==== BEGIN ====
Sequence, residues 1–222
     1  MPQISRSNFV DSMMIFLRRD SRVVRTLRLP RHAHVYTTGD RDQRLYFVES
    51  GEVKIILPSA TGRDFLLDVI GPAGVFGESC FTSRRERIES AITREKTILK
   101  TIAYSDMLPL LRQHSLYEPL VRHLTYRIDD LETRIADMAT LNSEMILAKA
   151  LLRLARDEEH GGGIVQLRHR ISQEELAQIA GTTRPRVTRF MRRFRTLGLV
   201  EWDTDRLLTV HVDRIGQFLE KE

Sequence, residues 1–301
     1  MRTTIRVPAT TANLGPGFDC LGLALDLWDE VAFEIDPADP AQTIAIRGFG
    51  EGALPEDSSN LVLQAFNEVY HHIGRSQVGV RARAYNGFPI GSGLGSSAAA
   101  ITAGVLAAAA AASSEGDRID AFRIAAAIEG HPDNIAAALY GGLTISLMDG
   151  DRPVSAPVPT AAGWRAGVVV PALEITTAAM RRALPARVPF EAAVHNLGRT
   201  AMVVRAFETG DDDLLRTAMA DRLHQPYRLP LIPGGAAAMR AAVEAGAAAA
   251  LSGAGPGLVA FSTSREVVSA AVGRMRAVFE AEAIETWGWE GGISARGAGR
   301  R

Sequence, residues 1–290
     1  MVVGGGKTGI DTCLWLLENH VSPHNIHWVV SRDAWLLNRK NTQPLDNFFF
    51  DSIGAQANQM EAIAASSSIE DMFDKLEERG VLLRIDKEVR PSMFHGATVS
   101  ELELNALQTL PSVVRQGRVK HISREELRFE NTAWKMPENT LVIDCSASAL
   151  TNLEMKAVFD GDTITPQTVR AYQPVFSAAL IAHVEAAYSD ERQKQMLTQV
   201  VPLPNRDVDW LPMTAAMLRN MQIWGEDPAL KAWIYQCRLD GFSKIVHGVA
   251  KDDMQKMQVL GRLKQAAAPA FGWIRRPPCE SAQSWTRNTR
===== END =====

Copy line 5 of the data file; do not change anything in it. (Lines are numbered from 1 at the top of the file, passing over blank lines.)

   151  LLRLARDEEH GGGIVQLRHR ISQEELAQIA GTTRPRVTRF MRRFRTLGLV